Even though Google likely won’t start its initial construction work on the project until next year at the earliest, Downtown West has already had a beneficial effect on the city, he said. Developers including Urban Community, Urban Catalyst and Jay Paul Co. have a slew of downtown office and residential projects in the works, some designed by world-class architects, that are already starting to revamp the city’s center.

When Google made its commitment to the city, it”dramatically changed the orientation of many investors locally and globally toward our Downtown,” Liccardo said.

But Downtown San Jose isn’t the only area Google is looking to transform. It has similar plans for two different areas in Mountain View, with projects at North Bayshore and in the East Whisman neighborhood. And it’s got another one in the planning stage for an area in north Sunnyvale where it’s already building a cluster of office structures.

The North Bayshore and East Whisman projects “are really important to Mountain View’s future,” said Mayor Ellen Kamei. “What we’ve seen” from Google, she continued, “is that they’re thinking about all of their holdings and how do they make them vibrant mixed communities.”

Google’s myriad Silicon Valley developments come as other big tech companies have moved their headquarters out of the region or decided to focus their expansions elsewhere. They also come as the Covid-19 pandemic has forced companies to rethink their office needs. Google itself has postponed the full reopening of its offices until next year and plans to allow nearly all its employees to work remotely at least part-time afterward.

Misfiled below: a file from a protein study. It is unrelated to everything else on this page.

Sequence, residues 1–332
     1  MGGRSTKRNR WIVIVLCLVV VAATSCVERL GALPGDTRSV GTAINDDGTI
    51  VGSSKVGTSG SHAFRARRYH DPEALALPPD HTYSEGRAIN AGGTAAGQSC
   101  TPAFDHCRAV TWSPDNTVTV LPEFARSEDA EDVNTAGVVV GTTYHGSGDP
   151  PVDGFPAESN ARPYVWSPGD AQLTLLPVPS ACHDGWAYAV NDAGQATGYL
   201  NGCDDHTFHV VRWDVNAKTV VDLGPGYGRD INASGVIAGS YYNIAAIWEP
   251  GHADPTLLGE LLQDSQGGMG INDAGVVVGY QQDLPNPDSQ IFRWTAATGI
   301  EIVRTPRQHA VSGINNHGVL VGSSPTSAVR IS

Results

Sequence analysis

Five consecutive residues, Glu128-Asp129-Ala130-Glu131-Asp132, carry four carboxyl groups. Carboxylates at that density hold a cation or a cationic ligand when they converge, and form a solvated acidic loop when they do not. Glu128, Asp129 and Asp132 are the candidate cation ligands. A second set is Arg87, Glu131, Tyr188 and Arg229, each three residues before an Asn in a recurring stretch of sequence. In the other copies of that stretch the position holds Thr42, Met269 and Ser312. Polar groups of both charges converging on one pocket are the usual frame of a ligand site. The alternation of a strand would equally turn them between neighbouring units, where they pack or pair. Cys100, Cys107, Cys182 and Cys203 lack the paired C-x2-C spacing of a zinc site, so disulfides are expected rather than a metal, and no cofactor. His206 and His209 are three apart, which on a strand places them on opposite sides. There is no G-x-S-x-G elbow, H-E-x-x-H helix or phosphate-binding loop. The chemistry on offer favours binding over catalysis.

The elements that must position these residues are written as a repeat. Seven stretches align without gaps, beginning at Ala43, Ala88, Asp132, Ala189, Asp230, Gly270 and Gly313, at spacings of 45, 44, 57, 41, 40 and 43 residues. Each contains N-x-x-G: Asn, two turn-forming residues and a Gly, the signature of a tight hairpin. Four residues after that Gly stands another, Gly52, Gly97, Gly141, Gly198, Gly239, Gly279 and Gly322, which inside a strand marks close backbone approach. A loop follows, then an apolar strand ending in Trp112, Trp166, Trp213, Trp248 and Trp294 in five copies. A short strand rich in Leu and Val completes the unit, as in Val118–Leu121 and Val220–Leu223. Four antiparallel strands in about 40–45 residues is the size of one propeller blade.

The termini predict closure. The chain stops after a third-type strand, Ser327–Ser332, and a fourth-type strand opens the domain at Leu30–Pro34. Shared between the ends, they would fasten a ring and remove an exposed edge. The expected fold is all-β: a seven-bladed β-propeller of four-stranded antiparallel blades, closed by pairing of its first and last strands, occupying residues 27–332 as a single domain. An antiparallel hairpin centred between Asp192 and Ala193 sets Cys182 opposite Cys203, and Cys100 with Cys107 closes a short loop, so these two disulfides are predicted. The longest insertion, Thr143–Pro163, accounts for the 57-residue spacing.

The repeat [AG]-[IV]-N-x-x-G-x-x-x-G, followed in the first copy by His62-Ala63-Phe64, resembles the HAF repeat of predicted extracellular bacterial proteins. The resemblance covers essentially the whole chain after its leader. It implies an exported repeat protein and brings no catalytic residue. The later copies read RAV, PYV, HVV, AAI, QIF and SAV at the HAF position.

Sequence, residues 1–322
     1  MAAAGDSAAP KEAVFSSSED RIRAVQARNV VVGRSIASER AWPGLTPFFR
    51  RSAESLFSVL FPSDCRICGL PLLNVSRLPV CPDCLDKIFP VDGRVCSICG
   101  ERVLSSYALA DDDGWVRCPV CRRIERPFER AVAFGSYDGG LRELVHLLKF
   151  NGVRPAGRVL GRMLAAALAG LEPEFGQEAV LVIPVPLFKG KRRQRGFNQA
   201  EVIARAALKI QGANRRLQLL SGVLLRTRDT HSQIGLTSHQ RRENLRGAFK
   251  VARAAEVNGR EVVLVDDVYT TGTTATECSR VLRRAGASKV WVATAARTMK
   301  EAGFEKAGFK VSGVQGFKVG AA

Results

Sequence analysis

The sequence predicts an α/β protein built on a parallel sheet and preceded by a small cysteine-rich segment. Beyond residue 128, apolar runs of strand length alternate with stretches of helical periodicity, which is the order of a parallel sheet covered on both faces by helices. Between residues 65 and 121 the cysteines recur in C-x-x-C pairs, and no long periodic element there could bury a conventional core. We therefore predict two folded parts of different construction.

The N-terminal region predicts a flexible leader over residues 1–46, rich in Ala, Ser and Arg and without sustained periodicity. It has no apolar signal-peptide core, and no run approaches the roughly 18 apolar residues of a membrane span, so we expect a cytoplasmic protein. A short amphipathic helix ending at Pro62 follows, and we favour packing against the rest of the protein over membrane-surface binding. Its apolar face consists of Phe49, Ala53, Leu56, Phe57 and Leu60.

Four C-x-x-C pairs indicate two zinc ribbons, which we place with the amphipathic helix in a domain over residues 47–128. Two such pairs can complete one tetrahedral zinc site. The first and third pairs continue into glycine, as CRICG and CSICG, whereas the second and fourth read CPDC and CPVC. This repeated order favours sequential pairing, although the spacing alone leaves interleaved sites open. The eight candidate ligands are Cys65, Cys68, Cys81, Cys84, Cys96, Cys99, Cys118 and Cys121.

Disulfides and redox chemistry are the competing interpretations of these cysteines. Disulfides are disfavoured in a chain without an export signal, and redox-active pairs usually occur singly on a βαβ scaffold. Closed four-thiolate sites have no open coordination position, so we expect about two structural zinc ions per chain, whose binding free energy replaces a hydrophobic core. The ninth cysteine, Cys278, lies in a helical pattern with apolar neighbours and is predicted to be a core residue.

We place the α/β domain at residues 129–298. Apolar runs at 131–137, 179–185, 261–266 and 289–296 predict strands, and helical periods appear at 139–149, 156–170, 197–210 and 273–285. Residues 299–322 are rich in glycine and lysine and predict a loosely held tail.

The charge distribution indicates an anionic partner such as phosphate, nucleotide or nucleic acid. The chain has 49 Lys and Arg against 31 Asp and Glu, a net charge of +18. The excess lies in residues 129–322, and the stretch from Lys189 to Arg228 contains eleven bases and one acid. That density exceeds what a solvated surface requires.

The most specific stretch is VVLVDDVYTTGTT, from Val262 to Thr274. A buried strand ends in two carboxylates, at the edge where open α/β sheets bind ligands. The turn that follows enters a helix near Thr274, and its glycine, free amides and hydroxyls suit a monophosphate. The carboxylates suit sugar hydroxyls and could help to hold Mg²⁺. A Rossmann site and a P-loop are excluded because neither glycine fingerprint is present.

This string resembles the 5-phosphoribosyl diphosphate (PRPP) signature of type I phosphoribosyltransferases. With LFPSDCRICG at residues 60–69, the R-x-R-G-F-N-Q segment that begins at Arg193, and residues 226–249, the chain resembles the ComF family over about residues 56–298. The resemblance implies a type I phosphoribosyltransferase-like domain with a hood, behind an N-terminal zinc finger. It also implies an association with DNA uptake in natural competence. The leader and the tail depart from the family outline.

But the company is committed to the Bay Area and is eager to expand its presence here in a way that helps to build and sustain vibrant, environmentally-oriented communities, said Joe Van Belleghem, Google’s global ground-up development lead.

“We’re proud to call the Bay Area home,” Van Belleghem said in an email. “It’s an innovation and entrepreneurship hub, and we’ll continue to grow where the talent exists, where our employees want to live, and where we’ve been a part of the community for decades.”

It takes a few villages

Google isn’t just interested in offices. It’s developing a collection of live-work-play communities in San Jose,Mountain View and Sunnyvale. The furthest along:

Downtown West: The biggest of them all, this plan approved by the San Jose City Council in May spans 80acres near Diridon Station and the SAP Center. It could eventually include 7.3 million square feet of office space, as many as 5,900 new homes, retail, restaurant and community space, parks, and its own utility plant that would help serve the surrounding area.

North Bayshore: Near Google’s headquarters, the company plans to replace about 1.7 million square feet of office space with 3 million square feet of new space. The structures would be a part of a larger walkable, bikeable community that would have as many as 7,000 new homes.

Middlefield Park: In Mountain View’s East Whisman neighborhood near an existing light-rail station, the company plans to build 1.3 million square feet of office space, up to 1,900 new homes, 12 acres of open space and50,000 square feet of retail and restaurant space.

Bay View: The company is constructing three buildings on a 42-acre site at NASA Ames Research Center. The two office structures total 1.1. million square feet and are topped with arching roofs comprised of sail-like panels.

Charleston East: Less than a mile due west of Bay View and next to Google’s headquarters is this 595,000-square-foot building. It shares much with Bay View’s structures, including a swooping roofline covered with solar panels and an open interior that’s designed to be easily reconfigurable.

1265 Borregas Ave.: In north Sunnyvale, Google is at work on one of the first mass timber buildings to be built in theBay Area. Google is using the building as a potential model for future projects.

Full article by Troy Wolverton: https://www.bizjournals.com/sanjose/news/2021/09/23/structures-awards-google-lays-out-its-huge-vision.html